|As a female military police officer, US Army Staff Sergeant Katteri Franklin had a much different experience than her fellow male Soldiers while serving in Iraq.|
"The Iraqi women would stare at me and I would ask them what they were looking at," reflected Franklin. Their response would be that they had never seen a woman in uniform before."
Despite their initial curiosity and sometimes shock, the Iraqi women learned to trust Franklin and consider her an ally. She was able to use her gender to her advantage by helping them be more comfortable around U.S. servicemembers.
"The Iraqi women would seek me out when they needed medical or aid supplies, "said Franklin."They felt more comfortable around me."
Due to Franklin's willingness to interact closely with the Iraqi civilians, she became a critical part of ensuring that the local women and children had access to aid and medical treatment during her mission. Franklin's service in Iraq earned her a Bronze Star.
"I think it was easier for them to talk to me because I was a female," said Franklin, who was one of 22 female Soldiers in her Company and one of five in the Platoon.
In addition to building relationships with the women civilians, Franklin was a team leader in training the Iraqi police. She led up to 11 U.S. Soldiers at a time when they would go outside the wire to the Iraqi police stations and teach security measures.
"I learned a lot about the Iraqi people that I didn't know before," reflected Franklin. "I also learned a lot about my Soldiers. They managed to do things I never thought they could before we left (the U.S.). It was humbling to lead such fine Soldiers."
Franklin and her Soldiers worked closely with interpreters to communicate with the Iraqi police and their families. One accomplishment that she is most proud of from her service in Iraq is the progress she could see through the Iraqi police.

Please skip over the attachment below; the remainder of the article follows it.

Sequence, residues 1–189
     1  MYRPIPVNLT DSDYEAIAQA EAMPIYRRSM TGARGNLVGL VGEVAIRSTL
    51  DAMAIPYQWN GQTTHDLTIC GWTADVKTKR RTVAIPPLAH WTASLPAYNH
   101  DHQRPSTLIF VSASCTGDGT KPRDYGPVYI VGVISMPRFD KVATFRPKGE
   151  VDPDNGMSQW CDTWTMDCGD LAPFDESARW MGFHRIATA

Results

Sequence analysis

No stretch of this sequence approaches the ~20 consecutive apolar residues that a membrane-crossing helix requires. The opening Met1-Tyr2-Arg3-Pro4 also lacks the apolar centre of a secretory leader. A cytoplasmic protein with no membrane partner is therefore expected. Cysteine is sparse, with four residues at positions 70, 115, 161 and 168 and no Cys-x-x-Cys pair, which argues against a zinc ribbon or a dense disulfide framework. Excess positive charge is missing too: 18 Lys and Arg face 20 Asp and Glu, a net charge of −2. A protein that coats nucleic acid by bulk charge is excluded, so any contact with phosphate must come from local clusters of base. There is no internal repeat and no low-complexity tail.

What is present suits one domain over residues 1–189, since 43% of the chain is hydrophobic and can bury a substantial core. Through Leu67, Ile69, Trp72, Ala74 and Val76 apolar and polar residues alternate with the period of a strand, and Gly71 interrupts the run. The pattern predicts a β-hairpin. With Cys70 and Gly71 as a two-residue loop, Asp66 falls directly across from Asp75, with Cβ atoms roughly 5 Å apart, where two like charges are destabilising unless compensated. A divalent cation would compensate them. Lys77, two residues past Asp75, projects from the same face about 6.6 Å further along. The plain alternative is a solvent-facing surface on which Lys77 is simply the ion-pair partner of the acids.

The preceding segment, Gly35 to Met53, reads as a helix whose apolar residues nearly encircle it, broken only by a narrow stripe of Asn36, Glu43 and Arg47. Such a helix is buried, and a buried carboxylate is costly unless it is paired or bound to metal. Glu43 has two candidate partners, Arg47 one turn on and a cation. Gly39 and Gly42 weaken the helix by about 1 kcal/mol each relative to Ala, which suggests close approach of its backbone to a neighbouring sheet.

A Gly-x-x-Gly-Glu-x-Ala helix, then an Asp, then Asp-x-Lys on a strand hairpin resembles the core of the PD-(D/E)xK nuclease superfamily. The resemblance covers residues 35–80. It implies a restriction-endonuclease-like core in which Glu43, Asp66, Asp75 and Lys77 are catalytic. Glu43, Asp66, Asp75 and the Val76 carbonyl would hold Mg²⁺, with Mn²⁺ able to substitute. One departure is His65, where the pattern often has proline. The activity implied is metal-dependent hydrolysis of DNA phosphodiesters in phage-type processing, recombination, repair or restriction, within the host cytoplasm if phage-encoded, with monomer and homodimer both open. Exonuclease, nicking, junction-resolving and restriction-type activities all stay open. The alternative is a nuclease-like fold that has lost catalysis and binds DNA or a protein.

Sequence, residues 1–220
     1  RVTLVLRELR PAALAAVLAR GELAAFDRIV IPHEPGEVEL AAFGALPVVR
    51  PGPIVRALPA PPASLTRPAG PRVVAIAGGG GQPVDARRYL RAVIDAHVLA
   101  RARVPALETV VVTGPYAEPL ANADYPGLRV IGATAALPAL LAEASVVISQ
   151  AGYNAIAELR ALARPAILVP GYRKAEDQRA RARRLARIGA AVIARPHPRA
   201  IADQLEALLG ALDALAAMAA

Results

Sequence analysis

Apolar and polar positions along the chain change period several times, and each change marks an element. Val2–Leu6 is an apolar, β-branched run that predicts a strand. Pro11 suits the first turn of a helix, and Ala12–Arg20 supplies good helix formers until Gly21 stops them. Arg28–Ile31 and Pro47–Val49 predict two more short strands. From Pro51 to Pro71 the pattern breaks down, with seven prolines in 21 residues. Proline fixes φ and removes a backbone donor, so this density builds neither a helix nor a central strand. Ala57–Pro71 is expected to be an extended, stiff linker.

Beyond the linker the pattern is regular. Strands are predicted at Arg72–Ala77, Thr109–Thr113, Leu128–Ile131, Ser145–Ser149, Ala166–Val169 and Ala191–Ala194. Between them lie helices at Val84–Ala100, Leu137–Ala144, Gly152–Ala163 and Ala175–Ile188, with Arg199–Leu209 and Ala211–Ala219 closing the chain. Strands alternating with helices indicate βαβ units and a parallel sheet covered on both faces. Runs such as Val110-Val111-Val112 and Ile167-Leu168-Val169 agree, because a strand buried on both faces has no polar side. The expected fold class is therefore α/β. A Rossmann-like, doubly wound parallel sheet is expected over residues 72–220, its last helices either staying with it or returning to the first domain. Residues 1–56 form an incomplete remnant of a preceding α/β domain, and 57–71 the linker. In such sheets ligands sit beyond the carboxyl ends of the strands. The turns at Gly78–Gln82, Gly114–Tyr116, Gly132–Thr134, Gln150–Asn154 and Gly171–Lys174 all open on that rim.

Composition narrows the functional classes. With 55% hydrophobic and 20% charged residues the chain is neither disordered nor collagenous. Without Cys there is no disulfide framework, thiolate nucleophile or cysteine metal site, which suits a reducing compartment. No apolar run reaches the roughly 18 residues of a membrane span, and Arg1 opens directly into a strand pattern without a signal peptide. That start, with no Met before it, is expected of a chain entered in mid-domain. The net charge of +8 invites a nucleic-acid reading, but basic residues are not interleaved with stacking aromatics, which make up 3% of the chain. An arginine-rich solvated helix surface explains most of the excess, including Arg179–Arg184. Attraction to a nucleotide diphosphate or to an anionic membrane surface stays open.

"We got them to patrol in areas where they previously would not go because of former terrorist activity," said Franklin. "When the security on the ground changed, our other strategies began to take shape."
"We got them to patrol into areas where they previously would not go because of former terrorist activity," said Franklin. "When the security on the ground changed, our other strategies began to take shape."
After two deployments, one to Iraq, Franklin is currently finishing U.S. Army recruitment school in the U.S. She hopes to become an Army recruiter and eventually go to officer training school. She wants to lead Soldiers for the remainder of her career - even though Franklin herself only joined the Army because she passed Basic Training.
"As a female recruiter, I hope to let people see a different side of the Army that they are not used to seeing," said Franklin. "Maybe then they will know that it's great to be a female in the Army."